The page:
Subscribe to our FREE email newsletter and download free character development worksheets! A character is thrust into high-stakes, physical drama a gunfight, a daring rescue, a desperate escape that changes her in some important way, and moves the action forward.
Subscribe to our FREE email newsletter and download free character development worksheets! Nancy Kress March 11, Some stories behave conveniently for their authors: They take place in several consecutive scenes not very far apart in time, and everything the reader needs to know is contained in those scenes.
Such stories are easy to structure. You start when the action starts, write sequentially to the end of the action and stop. Then there are the other stories. The ones that take place all over the temporal map: All of these scenes, you have determined, are utterly necessary to the story.
To create any sort of coherent structure for this story, you are going to need flashbacks. Flashbacks offer many pitfalls. This is because even the best-written flashback carries a built-in disadvantage: It is, by definition, already over. It happened sometime earlier, and so we are being given old information.
Like old bread, old information is never as fresh or tasty as new bread. The flashback lacks immediacy. But offsetting this inherent disadvantage are the several advantages a good flashback can bring to a story.
Consider an example of the last case. Your story concerns the behavior of your protagonist, Gary, toward his teenage son, Jack, who has just been arrested for illegal possession of firearms.
This memory shapes all his behavior toward Jack.
How do you convey to the reader what guns mean to Gary? You have three choices: The problem is that the scene is too vital and dramatic for either exposition or expository memory.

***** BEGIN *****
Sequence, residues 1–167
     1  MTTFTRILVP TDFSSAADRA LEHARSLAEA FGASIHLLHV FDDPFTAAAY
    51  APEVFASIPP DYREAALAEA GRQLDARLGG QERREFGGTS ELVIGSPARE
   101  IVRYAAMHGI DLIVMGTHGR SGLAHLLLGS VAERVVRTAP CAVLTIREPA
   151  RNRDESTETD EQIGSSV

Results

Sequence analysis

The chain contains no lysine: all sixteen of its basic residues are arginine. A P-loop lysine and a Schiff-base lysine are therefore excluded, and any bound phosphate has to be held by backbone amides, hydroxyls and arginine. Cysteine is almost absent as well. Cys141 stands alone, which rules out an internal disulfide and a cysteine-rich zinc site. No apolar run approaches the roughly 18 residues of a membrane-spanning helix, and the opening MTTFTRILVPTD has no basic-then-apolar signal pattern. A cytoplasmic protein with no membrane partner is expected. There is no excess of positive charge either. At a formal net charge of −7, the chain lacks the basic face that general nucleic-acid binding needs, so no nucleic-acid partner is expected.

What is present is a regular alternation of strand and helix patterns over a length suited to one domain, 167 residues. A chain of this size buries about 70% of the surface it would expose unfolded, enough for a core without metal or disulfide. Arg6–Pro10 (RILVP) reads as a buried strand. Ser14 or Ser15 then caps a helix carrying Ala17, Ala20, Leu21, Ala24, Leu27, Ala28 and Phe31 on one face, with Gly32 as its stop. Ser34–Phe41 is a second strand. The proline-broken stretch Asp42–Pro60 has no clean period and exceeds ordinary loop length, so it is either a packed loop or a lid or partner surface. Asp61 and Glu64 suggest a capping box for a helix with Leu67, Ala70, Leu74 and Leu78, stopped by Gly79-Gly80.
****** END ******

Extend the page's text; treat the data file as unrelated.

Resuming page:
This would be fatally clumsy. Time travel done right Your flashback should follow a strong scene. This means that the flashback is never the first scene. Gary stared out his kitchen window. Cold rain beat on the brown grass and bare trees. Nothing happens except weather.
A far stronger approach is to start your story with a scene in story time. It should be an interesting, vivid scene, which brings its character s to life for us.
It should also go on long enough to really get us into the story.Aug 17, · Best Action scenes in fiction Discussion in ' Book Discussion ' started by Thog, Aug 11, As per title, and yes I know this .
Then you can use the flashback as your second scene. Use verb tense conventions to guide your reader in and out of the flashback. 6 Pitfalls to Avoid When Writing LGBTQI+ Characters in Teen Fiction; CATEGORIES Complete 1st Draft, qp7-migration-Fiction, Writing Your First Draft.
Action scenes serve the same function in your fiction, but they need not be over-the-top to be effective. A surprise phone call, an unexpected visit, or an ill-timed delay will force your character to respond quickly (rather than reflect), and allows you to advance the plot without miring it in long descriptive passages and explanations.
A story or novel is, in essence, a series of scenes strung together with narrative summary adding texture & color.
A work of fiction is many scenes, each having a beginning, middle & end. The beginning of each scene is what we’ll address here. Science fiction and fantasy are genres where almost anything can happen — as long as the author can make it seem plausible, and as long as it’s part of a good story.
In writing action scenes, the pace must speed up, to match that of the scene. In order to do this, keep descriptions of anything besides the action to a minimum. For instance, this is not the place for long descriptions of a setting or a character. Some writers use shorter, choppier sentences, or even incomplete sentences.